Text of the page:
April 10th, 2012
12:34 PM ET

Marlins suspend manager Guillen for 5 games; he apologizes for Castro comments

The Miami Marlins suspended manager Ozzie Guillen for five games, effective immediately, on Tuesday, just before Guillen apologized for recent comments praising Cuba's Fidel Castro.

Guillen sparked a firestorm when he told Time magazine recently that he respected  Castro for being able to lead Cuba for six decades.

"I respect Fidel Castro," Guillen said in the article. "You know why? A lot of people have wanted to kill Fidel Castro for the last 60 years, but that son of a bitch is still there."

Guillen apologized during a press conference Tuesday, first speaking in Spanish, saying that he had "betrayed a Latin community" and that he was speaking to "ask for forgiveness with my heart in my hand."

But, he said, he originally spoke of Castro in Spanish and "the translation to English was a bit confusing."

In response to questions in English on Tuesday, Guillen said he was "very stupid" to make comments outside of baseball.

"Politics has nothing to do with sports," Guillen said.

"This is the biggest mistake so far in my life," he said.

Guillen said with the comments he'd let down the community.

"I'm very, very, very sorry," he said. "I will do everything in my power to make it better."

"I live in Miami, my family is in Miami," he said. "I will do everything in my power ... to help this community like I always do."

"I'm sitting here very embarrassed and very sad," he said at the press conference.

"I'm gonna be a Miami guy for the rest of my life," Guillen said. "I want to walk in the street with my head up and not feel as bad as I feel right now."

Guillen pledged to follow through on his promises to help out in Miami's Latin and Cuban communities.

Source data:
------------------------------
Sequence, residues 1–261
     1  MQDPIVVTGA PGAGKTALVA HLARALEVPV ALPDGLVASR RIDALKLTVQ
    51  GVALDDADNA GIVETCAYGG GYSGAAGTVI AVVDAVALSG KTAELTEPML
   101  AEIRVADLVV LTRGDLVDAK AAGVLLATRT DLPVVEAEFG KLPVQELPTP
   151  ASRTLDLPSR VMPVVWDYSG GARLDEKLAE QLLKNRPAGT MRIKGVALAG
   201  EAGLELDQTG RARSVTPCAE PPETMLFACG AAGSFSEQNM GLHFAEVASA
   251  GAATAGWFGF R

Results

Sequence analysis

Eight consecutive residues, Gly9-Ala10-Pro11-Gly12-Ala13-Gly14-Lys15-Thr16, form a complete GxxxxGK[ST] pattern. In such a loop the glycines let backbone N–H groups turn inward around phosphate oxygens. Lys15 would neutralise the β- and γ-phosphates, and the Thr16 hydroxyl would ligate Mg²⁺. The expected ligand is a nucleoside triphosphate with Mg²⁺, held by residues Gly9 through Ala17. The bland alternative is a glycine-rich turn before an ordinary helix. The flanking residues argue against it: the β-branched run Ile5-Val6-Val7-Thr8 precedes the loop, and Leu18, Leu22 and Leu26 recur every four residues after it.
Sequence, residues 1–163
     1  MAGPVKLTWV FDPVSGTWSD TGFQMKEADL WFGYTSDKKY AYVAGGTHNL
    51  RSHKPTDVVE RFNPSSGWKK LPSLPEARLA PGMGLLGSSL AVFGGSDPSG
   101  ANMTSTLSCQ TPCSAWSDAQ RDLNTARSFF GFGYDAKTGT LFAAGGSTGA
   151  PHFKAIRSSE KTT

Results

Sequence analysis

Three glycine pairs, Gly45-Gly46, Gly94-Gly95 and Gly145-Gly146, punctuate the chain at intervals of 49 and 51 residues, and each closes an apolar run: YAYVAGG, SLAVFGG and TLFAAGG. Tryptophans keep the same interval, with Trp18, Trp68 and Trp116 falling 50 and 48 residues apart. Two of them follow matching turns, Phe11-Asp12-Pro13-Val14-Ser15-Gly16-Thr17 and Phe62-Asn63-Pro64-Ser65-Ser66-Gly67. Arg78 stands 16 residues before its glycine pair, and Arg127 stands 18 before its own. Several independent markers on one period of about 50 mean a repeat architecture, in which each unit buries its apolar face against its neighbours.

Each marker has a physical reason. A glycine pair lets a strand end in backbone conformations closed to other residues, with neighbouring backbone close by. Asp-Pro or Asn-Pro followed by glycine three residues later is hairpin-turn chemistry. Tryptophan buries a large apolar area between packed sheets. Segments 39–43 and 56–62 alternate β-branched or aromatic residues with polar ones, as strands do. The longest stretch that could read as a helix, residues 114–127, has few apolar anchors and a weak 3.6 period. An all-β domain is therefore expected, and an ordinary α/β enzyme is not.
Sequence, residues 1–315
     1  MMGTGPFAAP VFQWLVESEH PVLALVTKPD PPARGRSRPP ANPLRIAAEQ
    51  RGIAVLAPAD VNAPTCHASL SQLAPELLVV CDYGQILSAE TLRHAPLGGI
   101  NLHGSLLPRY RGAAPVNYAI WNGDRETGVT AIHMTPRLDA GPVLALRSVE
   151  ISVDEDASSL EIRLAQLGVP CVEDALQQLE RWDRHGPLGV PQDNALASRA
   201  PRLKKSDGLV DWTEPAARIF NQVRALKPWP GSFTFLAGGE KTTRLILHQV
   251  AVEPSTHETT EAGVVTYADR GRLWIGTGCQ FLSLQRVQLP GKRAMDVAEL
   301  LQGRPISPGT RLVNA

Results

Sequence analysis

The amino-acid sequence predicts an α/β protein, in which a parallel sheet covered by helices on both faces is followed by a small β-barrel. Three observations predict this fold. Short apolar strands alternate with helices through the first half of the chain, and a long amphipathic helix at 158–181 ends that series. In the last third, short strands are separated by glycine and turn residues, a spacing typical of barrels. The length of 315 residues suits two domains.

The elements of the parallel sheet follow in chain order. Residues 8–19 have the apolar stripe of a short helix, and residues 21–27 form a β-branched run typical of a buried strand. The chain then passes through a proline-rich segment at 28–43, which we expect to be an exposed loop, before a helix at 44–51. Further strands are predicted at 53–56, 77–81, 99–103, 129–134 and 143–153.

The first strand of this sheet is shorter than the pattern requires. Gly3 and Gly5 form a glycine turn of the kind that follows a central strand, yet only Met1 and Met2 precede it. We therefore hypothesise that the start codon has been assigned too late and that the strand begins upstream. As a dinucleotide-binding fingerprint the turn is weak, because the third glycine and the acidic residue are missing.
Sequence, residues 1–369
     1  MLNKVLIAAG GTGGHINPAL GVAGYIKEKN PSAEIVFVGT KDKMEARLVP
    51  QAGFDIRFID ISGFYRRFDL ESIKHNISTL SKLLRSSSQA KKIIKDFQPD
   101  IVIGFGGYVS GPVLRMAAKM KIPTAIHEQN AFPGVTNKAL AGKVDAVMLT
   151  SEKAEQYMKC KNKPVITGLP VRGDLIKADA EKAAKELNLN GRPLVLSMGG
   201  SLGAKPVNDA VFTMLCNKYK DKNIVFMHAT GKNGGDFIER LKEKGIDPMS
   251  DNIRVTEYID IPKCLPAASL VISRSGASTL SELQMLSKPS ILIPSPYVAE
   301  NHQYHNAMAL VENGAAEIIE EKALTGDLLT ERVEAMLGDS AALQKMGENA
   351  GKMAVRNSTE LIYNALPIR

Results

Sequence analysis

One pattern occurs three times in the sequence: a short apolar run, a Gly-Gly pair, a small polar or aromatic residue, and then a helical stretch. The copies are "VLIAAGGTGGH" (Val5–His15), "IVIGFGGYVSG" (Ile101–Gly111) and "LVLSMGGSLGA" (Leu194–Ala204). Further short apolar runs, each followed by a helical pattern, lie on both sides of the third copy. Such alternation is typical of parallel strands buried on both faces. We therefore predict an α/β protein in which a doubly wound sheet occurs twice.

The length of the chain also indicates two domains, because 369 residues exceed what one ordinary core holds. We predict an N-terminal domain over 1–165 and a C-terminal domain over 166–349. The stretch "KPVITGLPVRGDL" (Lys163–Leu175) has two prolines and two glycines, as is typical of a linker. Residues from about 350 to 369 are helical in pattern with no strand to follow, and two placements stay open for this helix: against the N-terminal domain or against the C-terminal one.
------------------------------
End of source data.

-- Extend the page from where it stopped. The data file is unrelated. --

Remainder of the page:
"I'm going to be behind them 100%," he said.

He said he wanted to be with the team, which plays in Philadelphia again on Wednesday, but would not fight the suspension.

"I cannot complain about anything because I am not in a position to complain about anything they want to do with me," he said.

Guillen said he showed poor judgement, but not lack of intelligence, with the original Castro comments.

"You don't have this job if you're dumb," he said. "If I don't learn from this, I will call myself dumb."

The team said Tuesday the original comments were hurtful.

"The pain and suffering caused by Fidel Castro cannot be minimized in a community filled with victims of the dictatorship," the team said in a statement before Guillen's press conference.

Baseball Commissioner Bud Selig said the suspension of Guillen was appropriate.

"I expect those who represent Major League Baseball to act with the kind of respect and sensitivity that the game’s many cultures deserve.  Mr. Guillen’s remarks, which were offensive to an important part of the Miami community and others throughout the world, have no place in our game," Selig said in a statement.

Guillen earlier in the week said he had apologized to Cuban-Americans in the Marlins organization, including Spanish-language broadcasters Felo Ramirez and Yiki Quintana, as well as Cuban-born Phillies pitcher Jose Contreras, ESPN reported.

The Marlins released a statement saying there was nothing to respect about Castro, "a brutal dictator who has caused unthinkable pain for more than 50 years. We live in a community filled with victims of this dictatorship, and the people in Cuba continue to suffer today."